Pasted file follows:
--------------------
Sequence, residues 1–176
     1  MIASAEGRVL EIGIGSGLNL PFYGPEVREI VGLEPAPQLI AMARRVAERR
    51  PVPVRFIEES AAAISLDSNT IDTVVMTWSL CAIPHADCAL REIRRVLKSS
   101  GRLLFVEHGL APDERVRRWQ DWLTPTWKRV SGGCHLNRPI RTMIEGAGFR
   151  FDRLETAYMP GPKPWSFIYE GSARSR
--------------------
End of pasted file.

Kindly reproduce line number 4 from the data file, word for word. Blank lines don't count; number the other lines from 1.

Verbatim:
   101  GRLLFVEHGL APDERVRRWQ DWLTPTWKRV SGGCHLNRPI RTMIEGAGFR